Wonder Woman (2017) – Movie Review

Hello again, readers! Today I’ll actually be reviewing something current – Wonder Woman (2017)!

Directed by Patty Jenkins and starring Gal Gadot as the titular character, Wonder Woman tells the origin story of Amazonian princess/ Justice League member Diana of Themyscira, who leaves her home to go rescue humanity from Ares, the Greek god of war.

Aided by Captain Steve Trevor of British Intelligence (Chris Pine), Diana heads to the front lines of World War I.

While the movie is far from flawless, it’s the best DC comic-based film I’ve seen in a long time.  Gal Gadot was the best part of Batman vs Superman (for a film titled that there was very little versus going on) and continues to be the perfect Diana Prince/Wonder Woman.  She portrays the badassedness of Wonder Woman combined with the naivete of someone who’s literally lived on an island full of women her entire life perfectly and Chris Pine is fantastic as Steve Trevor.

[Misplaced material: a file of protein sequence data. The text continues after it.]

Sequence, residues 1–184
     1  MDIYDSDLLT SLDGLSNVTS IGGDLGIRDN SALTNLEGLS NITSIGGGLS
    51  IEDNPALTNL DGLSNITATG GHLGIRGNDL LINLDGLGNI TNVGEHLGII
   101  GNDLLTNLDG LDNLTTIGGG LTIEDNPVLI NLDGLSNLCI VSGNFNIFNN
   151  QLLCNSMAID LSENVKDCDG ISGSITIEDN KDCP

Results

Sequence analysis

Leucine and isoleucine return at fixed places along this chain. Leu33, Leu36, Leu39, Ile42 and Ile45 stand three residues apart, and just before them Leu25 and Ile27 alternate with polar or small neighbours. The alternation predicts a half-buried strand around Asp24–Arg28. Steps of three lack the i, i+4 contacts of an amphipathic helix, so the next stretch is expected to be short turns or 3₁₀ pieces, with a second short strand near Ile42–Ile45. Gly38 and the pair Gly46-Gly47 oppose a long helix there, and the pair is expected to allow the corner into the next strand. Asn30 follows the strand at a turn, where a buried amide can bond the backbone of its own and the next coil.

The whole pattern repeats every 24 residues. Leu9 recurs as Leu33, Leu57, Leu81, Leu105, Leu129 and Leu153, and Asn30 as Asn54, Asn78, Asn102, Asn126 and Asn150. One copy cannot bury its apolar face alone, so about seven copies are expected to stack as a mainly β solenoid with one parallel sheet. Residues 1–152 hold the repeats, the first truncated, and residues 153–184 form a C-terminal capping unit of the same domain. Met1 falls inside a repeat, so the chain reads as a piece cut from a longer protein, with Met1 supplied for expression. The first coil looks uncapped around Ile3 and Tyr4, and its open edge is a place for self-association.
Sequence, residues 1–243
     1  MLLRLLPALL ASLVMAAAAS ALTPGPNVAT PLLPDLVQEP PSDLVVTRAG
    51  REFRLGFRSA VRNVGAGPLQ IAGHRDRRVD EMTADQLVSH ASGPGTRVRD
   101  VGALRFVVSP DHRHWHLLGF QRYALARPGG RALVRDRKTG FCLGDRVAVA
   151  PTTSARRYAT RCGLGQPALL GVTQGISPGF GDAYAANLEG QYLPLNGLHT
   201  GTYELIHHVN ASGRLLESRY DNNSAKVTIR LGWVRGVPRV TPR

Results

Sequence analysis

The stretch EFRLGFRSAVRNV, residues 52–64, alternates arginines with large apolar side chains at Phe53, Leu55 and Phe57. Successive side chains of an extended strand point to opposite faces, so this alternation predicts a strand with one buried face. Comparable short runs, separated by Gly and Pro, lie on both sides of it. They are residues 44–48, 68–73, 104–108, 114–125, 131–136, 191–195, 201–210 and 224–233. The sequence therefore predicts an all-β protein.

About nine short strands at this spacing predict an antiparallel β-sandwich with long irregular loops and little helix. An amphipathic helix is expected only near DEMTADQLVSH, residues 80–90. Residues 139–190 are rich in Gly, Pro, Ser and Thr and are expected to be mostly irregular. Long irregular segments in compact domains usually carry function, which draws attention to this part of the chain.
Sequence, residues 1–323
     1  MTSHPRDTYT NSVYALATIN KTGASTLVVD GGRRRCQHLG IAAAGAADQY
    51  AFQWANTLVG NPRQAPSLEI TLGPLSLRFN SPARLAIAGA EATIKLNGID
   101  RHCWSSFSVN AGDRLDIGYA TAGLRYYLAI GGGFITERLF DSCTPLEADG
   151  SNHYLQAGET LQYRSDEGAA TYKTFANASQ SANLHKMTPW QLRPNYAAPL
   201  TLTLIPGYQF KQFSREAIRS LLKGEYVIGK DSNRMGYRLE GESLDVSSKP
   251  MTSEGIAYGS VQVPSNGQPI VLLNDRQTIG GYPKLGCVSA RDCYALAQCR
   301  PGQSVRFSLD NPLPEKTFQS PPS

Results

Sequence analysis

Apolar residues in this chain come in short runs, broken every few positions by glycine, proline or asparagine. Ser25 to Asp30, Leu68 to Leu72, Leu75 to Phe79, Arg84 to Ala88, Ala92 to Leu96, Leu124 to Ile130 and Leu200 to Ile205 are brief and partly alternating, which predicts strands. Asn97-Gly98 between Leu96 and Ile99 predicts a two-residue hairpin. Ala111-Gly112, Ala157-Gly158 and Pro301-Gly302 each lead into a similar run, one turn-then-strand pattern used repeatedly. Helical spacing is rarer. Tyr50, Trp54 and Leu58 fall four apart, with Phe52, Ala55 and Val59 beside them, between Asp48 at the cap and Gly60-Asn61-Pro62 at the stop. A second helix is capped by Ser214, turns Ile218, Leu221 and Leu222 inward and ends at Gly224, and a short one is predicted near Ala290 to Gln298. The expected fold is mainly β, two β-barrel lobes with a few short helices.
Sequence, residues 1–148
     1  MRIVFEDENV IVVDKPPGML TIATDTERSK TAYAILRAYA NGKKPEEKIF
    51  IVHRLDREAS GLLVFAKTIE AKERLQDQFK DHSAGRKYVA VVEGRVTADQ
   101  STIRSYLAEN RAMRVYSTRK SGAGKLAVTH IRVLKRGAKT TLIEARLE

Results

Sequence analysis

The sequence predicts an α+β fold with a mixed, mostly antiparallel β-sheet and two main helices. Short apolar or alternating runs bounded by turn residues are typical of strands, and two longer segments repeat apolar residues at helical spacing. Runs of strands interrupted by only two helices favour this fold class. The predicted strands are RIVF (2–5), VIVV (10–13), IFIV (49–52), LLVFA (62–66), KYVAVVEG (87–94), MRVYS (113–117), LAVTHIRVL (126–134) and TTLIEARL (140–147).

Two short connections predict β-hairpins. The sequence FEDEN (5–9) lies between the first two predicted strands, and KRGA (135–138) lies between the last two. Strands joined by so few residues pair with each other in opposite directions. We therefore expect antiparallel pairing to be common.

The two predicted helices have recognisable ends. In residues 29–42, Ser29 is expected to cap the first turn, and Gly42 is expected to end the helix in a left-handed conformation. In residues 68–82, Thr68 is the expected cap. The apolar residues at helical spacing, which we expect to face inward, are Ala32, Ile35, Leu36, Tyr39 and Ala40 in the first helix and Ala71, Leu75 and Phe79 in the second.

Like i said though, the film isn’t flawless. For a huge blockbuster film, the CGI is actually not that great, which honestly shocked me. There were a few plot points that kind of annoyed me, and I really felt that David Thewlis was miscast. While he’s a wonderful actor and I love him as Remus Lupin in the Harry Potter series, I just wasn’t feeling him in this film.

Is it worth seeing on the big screen? Absolutely. It’s actually a very good film and made me excited for Justice League.

Final rating: 3 3/4 Sporks of Truth

Rent (2005) – Movie Review

Hello from a (way too) long hiatus, readers!

Life has been crazy, but hopefully we’ll get back to regular reviews soon – We’re gearing up for the Louisiana Book Festival here in October and have an amazing YA lineup so far, so I’ll be reading & reviewing like crazy in the upcoming months!

In the meantime, I just finished watching Rent (2005) and need to get some feels out – so here we go!